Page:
Plans for Hercules' long-awaited transit center for buses, trains and ferries got another boost Wednesday with a $4.5 million appropriation from Contra Costa transportation officials.
The award consists of $2,162,000 to acquire right of way for a train station from a developer, and $2,356,000 to extend John Muir Parkway, a critical roadway to access the station.
The intermodal transit center is supposed to include a bus transfer area, an Amtrak Capitol Corridor train station and a future ferry terminal connecting Hercules with San Francisco.
Wednesday's vote by the Contra Costa Transportation Authority board was unanimous; alternate board member William Wilkins, a Hercules councilman, recused himself.
Before the funds for the right-of-way acquisition can be disbursed, a deed specifying the property's use as a train station must be recorded. If it is not so used, Hercules must sell it, with the proceeds reverting to the Transportation Authority.
The funds allocated Wednesday will come from the Measure J half-cent sales tax approved by voters in 2004 for transportation-related projects.
The long-stalled transit center has notched a series of wins of late, including City Council approval of development agreements and a purchase-and-sale agreement for the right of way and other property with Hercules Bayfront LLC, which wants to develop a transit village adjacent to the center.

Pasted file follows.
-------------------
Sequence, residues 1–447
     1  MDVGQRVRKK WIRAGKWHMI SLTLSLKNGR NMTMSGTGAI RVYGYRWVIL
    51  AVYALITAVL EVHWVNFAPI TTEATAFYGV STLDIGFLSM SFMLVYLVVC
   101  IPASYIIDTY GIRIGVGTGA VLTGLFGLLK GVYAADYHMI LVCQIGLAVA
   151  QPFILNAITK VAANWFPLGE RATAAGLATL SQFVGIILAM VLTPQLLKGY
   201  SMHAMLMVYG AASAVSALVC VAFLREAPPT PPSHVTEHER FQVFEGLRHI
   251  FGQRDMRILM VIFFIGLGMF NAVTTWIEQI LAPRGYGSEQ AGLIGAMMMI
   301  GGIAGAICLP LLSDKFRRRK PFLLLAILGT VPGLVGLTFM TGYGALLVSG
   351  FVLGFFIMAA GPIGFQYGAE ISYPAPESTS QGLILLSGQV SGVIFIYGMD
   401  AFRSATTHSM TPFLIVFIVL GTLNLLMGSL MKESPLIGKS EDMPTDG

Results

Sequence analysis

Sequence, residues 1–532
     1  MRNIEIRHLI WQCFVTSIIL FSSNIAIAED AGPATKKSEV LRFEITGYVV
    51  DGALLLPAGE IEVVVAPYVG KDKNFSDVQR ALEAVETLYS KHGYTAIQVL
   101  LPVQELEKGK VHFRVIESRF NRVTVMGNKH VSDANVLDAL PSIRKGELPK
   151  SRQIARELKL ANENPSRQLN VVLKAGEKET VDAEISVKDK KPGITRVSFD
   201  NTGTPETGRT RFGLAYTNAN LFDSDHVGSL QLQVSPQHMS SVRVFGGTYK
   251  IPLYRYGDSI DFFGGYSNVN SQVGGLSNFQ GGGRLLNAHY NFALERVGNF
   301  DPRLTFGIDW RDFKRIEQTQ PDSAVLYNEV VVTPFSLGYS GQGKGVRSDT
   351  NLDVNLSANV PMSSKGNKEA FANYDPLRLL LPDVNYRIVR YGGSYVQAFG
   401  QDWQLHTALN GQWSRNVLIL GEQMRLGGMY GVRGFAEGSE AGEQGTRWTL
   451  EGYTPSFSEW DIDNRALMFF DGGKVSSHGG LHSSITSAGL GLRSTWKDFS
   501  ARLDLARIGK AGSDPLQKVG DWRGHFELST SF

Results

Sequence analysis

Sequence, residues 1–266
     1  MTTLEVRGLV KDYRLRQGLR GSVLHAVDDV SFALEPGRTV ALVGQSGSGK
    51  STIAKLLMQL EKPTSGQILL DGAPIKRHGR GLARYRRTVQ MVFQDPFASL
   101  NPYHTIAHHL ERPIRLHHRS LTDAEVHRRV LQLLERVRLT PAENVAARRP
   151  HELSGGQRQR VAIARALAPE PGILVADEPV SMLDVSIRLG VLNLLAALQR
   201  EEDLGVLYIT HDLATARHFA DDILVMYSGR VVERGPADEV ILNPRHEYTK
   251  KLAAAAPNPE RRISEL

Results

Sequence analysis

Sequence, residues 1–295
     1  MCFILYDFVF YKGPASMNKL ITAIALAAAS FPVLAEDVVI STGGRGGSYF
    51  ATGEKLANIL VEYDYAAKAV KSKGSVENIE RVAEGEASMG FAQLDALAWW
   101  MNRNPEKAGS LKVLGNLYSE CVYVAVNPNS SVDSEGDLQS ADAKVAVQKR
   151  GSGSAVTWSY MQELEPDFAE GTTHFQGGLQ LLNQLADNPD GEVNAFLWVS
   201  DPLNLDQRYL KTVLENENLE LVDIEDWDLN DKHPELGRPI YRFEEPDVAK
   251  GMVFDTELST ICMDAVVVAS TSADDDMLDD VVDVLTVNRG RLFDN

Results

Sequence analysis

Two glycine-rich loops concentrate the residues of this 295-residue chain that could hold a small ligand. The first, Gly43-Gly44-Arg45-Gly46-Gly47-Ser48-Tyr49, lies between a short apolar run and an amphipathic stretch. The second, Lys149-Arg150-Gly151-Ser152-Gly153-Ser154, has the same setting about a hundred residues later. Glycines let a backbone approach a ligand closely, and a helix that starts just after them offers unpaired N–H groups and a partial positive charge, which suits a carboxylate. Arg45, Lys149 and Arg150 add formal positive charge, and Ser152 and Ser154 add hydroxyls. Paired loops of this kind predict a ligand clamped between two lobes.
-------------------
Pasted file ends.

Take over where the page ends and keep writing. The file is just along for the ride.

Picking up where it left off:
Transportation Authority board
Before the vote, Steve Duran, the city manager, in a nod to lingering questions about Hercules' finances, noted that the city had come to terms with a bond insurer over the deposit of redevelopment tax increments into a city fund to avoid possible bankruptcy.
With the settlement earlier this month, "the B-word is in our rearview mirror," Duran said.
William Silva, the consultant, said the project's federal environmental review will be completed by the end of next week. Officials have said it needs to be completed by the end of the month so that the city can hold on to $9.1 million in state transportation funds.
Board member Bob Taylor, who also is Brentwood's mayor, said the San Francisco Bay Area Water Emergency Transportation Authority recently estimated that a ferry terminal on Hercules' mud-bound shoreline would require $20 million of initial dredging plus $3 million to $5 million of maintenance dredging every two years. A June 2011 WETA staff report had pegged the cost at $17 million initially, plus $3 million every two or three years. Silva responded that the trains and buses as well as Bay Trail improvements are independent of the ferry component, and that hovercraft, which can navigate on shallow water and beaches, are being studied as alternatives to ferryboats.
The amount the Contra Costa transportation board appropriated for a Hercules transit center
The amount allocated to acquire right of way for the station from a developer
The amount allocated to extend John Muir Parkway to access the station